The types of attacks are also important to consider. Until October 2015, most of the attacks carried out – notably by wilayat San’ā’ were through explosive device and against Houthi (thus Shi’ite) mosques (the timing for those carried out in June and July can also be explained by the Ramadan). Attacking Houthis, as already noted above, is part of the overall ideological extreme escalation into which the Islamic State has entered as part of its competition against Al-Qaeda and Saudi Arabia. It is thus partly mobilisation, partly legitimacy struggle, both being intimately linked. Note that these types of attacks do not fit neatly with any of Zelin’s categories (2016), as they may be seen as a merging of his steps “intelligence”, “military” and “dawa“.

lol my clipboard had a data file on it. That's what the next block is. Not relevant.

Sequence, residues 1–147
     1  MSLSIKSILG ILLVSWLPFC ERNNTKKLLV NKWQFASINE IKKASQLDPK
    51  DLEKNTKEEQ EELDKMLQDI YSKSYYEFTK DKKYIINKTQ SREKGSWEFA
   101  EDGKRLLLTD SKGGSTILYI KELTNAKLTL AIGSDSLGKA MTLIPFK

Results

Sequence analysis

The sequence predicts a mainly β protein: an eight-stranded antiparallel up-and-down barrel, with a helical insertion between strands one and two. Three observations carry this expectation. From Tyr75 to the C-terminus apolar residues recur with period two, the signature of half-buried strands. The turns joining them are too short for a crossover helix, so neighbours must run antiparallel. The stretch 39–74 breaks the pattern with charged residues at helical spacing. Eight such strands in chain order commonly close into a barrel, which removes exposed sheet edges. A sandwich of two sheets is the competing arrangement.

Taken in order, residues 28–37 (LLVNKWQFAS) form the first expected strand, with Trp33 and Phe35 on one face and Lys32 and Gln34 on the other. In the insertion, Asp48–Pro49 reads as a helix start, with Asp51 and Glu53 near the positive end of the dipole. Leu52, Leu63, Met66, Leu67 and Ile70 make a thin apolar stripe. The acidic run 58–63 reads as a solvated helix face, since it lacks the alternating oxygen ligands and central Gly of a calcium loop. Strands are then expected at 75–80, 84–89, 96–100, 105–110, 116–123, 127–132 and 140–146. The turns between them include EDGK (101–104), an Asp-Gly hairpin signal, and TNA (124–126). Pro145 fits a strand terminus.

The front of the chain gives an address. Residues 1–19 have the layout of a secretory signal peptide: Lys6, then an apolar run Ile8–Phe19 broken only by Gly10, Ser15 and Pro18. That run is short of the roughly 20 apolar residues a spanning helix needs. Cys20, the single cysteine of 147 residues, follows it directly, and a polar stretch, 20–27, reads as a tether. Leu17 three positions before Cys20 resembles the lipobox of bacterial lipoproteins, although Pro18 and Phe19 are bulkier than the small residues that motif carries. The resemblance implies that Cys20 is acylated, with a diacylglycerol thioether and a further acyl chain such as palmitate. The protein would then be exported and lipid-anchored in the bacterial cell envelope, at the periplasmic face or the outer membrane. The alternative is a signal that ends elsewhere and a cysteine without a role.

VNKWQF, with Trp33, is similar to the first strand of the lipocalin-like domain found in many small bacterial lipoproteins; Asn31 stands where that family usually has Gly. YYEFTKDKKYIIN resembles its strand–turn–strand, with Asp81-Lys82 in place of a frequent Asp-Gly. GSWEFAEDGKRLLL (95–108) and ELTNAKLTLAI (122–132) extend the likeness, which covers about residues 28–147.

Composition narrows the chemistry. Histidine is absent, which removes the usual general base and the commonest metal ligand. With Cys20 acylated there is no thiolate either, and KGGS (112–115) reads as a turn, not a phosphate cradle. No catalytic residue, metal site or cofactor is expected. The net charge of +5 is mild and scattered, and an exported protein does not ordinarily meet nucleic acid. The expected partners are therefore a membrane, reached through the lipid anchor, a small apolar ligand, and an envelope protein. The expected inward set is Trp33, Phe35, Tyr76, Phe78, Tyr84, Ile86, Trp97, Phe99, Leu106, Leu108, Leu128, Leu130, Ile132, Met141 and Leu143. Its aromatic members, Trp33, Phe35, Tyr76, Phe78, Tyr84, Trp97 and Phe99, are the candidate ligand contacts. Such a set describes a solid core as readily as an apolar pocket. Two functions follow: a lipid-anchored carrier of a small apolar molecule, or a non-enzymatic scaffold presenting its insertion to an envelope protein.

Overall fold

Since October 2015, attacks have been solely carried out against government officials and, increasingly, military positions. We shall notably underline on 21 November 2015, in wilayat Hadramawt, the “major surprise assault on Yemeni barracks west of Hadramawt. The operation began with an assault on the Shubām, Sirr, and al-Qārrah barracks on the road between the regions of Say’ūn and al-Qutun after first cutting of their supply routes” (Islamic State News Bulletin – Al-Bayan Radio). It is this attack, or rather the alleged lack of proper support to it by the wali which generated the dissent described above (Roggio and Joscelyn, Ibid.). With this attack we reach a new military stage as it shows strategy, capabilities and intention to start attacking and taking over much larger targets. We are beyond classical asymmetrical small “hit and run”, or in the case of the Islamic State, “hit and die”, actions. The latter, however continues, as with the 17 February 2016 attack in Aden: “Wilayat Adan-Abyan claims the suicide attack on the Ras Abbas Military camp in Aden with 20 killed” (J. Faraday, Tweet 17 Feb 2016, announced on”Islamic State News Bulletin”, Al-Bayan Radio on 18 Feb 2016). Yet, even in that case, we should also point out a willingness and capability to attack targets that are larger than a vehicle, or a patrol.